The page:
When Down is Up Bible Study

Sometimes Being Down Has a God Purpose and we must be careful not to interfere with God's conviction by offering "unsanctified mercy." This short Bible study explains.

As an introduction to the study, please read the 1-minute devotion When Down is Up - Let People Repent.

It discusses "unsanctified grace." This is a kind of grace that contradicts, downplays, or denies God's work in the heart of a fellow Christian. 

The following passage tells us that there is a time and place for conviction and sorrow for our sins. We must be careful not to interfere with the Lord's work:

"Let there be tears for what you have done. Let there be sorrow and deep grief. Let there be sadness instead of laughter, and gloom instead of joy. Humble yourselves before the Lord, and he will lift you up in honor." James 4:9-10

When someone is convicted of a sin, we can comfort and encourage them that God will help them overcome their sins, but we should never dissuade genuine sorrow for sin. 

And we should also feel sorrow for our sins.

What do the passages below tell us about sorrow for sin?

Sometimes Being Down Has a God Purpose and we must be careful not to interfere with God's conviction by offering "unsanctified mercy." This short Bible study explains.
Isaiah 66:2
: "My hands have made both heaven and earth; they and everything in them are mine. I, the Lord, have spoken! I will bless those who have humble and contrite hearts, who tremble at my word." 

When our hearts are right with God, we realize our sinfulness more easily and regret it more fully. Far from being bad for our "self-image," it is good for us to realize our weaknesses and our need for our Savior. 

Warren Wiersbe says: "Isaiah’s message has been, 'Be comforted by the Lord!' … But God cannot comfort rebels! If we are sinning against God and comfortable about it, something is radically wrong. That false comfort will lead to false confidence, and that will lead to the chastening hand of God."(1)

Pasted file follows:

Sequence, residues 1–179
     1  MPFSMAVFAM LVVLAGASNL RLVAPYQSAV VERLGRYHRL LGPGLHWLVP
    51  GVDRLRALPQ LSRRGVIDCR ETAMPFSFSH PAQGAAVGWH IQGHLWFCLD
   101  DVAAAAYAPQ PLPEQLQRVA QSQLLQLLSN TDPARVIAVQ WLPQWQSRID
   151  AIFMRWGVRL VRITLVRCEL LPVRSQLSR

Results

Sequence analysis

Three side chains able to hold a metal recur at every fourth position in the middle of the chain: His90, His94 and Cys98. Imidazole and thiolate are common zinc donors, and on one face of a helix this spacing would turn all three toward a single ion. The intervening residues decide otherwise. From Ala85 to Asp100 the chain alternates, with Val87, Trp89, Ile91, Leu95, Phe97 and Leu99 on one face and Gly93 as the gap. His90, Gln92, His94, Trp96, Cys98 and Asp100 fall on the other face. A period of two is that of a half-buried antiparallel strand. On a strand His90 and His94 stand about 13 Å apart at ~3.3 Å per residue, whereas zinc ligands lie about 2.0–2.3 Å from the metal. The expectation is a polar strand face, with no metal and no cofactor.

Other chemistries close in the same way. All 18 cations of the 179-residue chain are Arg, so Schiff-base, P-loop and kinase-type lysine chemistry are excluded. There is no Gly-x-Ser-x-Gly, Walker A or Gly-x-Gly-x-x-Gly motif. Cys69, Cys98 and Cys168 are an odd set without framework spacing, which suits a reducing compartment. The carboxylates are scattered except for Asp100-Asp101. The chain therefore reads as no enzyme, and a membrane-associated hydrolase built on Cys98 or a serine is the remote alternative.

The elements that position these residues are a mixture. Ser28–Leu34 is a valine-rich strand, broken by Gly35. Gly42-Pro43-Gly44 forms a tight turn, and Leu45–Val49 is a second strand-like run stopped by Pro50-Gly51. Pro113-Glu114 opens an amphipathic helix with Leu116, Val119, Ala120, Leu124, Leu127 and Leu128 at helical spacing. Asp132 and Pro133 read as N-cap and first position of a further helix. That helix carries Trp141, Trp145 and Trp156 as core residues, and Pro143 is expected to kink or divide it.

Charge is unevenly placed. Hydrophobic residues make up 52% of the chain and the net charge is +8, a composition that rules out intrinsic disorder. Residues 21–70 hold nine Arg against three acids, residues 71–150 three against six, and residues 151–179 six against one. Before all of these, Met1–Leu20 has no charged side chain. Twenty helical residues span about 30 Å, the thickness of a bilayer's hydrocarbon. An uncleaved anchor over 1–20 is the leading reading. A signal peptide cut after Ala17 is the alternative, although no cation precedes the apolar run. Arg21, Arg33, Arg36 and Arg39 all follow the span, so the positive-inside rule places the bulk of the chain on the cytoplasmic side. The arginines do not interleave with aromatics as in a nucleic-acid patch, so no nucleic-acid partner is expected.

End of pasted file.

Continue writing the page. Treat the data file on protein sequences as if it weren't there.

Psalm 51:16-17: "You do not delight in sacrifice, or I would bring it; you do not take pleasure in burnt offerings. 17 My sacrifice, O God, is a broken spirit; a broken and contrite heart you, God, will not despise." 

Coming to God in genuine repentance honors God. It is fitting to agree with His truth and admit our disobedience. 

1 John 1:8-10:  "If we claim to be without sin, we deceive ourselves and the truth is not in us. 9 If we confess our sins, he is faithful and just and will forgive us our sins and purify us from all unrighteousness. 10 If we claim we have not sinned, we make him out to be a liar and his word is not in us."

When we overlook or excuse our sins, we become self-deceived and reject God's Word. Like Satan in the Garden, we call God a liar. 

You might like reading "Innocent," a devotion I wrote about the time we lived in Ft. Leavenworth, Kansas, and my encounters with all of the "innocent" men at the military prison.

(1) Wiersbe, W. W. (1996). Be Comforted. “Be” Commentary Series (163). Wheaton, IL: Victor Books.

Copyright 2013, Gail Burton Purath, BiteSizeBibleStudy.com, edited and updated 2020

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1 comment:

  1. I also am reminded of Gal 6:1 Brethren, if a man be overtaken in a fault, ye which are spiritual, restore such an one in the spirit of meekness; considering thyself, lest thou also be tempted. —I was taught to think of how a broken bone is restored...first it’s carefully put right (ouch), then it’s held in place and encouraged to knit back to wholeness.